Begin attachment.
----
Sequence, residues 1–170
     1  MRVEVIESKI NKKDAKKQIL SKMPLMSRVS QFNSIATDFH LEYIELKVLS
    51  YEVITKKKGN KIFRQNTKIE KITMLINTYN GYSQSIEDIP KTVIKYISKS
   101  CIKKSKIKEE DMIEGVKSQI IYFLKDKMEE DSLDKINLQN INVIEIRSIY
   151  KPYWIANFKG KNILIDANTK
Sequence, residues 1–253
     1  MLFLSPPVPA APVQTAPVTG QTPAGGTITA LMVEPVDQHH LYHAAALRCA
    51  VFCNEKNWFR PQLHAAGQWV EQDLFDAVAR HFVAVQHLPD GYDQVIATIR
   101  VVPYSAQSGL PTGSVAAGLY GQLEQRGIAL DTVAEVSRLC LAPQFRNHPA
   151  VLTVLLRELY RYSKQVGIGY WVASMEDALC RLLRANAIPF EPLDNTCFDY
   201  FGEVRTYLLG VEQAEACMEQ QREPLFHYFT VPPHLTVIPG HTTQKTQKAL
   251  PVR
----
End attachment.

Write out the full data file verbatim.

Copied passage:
Sequence, residues 1–170
     1  MRVEVIESKI NKKDAKKQIL SKMPLMSRVS QFNSIATDFH LEYIELKVLS
    51  YEVITKKKGN KIFRQNTKIE KITMLINTYN GYSQSIEDIP KTVIKYISKS
   101  CIKKSKIKEE DMIEGVKSQI IYFLKDKMEE DSLDKINLQN INVIEIRSIY
   151  KPYWIANFKG KNILIDANTK
Sequence, residues 1–253
     1  MLFLSPPVPA APVQTAPVTG QTPAGGTITA LMVEPVDQHH LYHAAALRCA
    51  VFCNEKNWFR PQLHAAGQWV EQDLFDAVAR HFVAVQHLPD GYDQVIATIR
   101  VVPYSAQSGL PTGSVAAGLY GQLEQRGIAL DTVAEVSRLC LAPQFRNHPA
   151  VLTVLLRELY RYSKQVGIGY WVASMEDALC RLLRANAIPF EPLDNTCFDY
   201  FGEVRTYLLG VEQAEACMEQ QREPLFHYFT VPPHLTVIPG HTTQKTQKAL
   251  PVR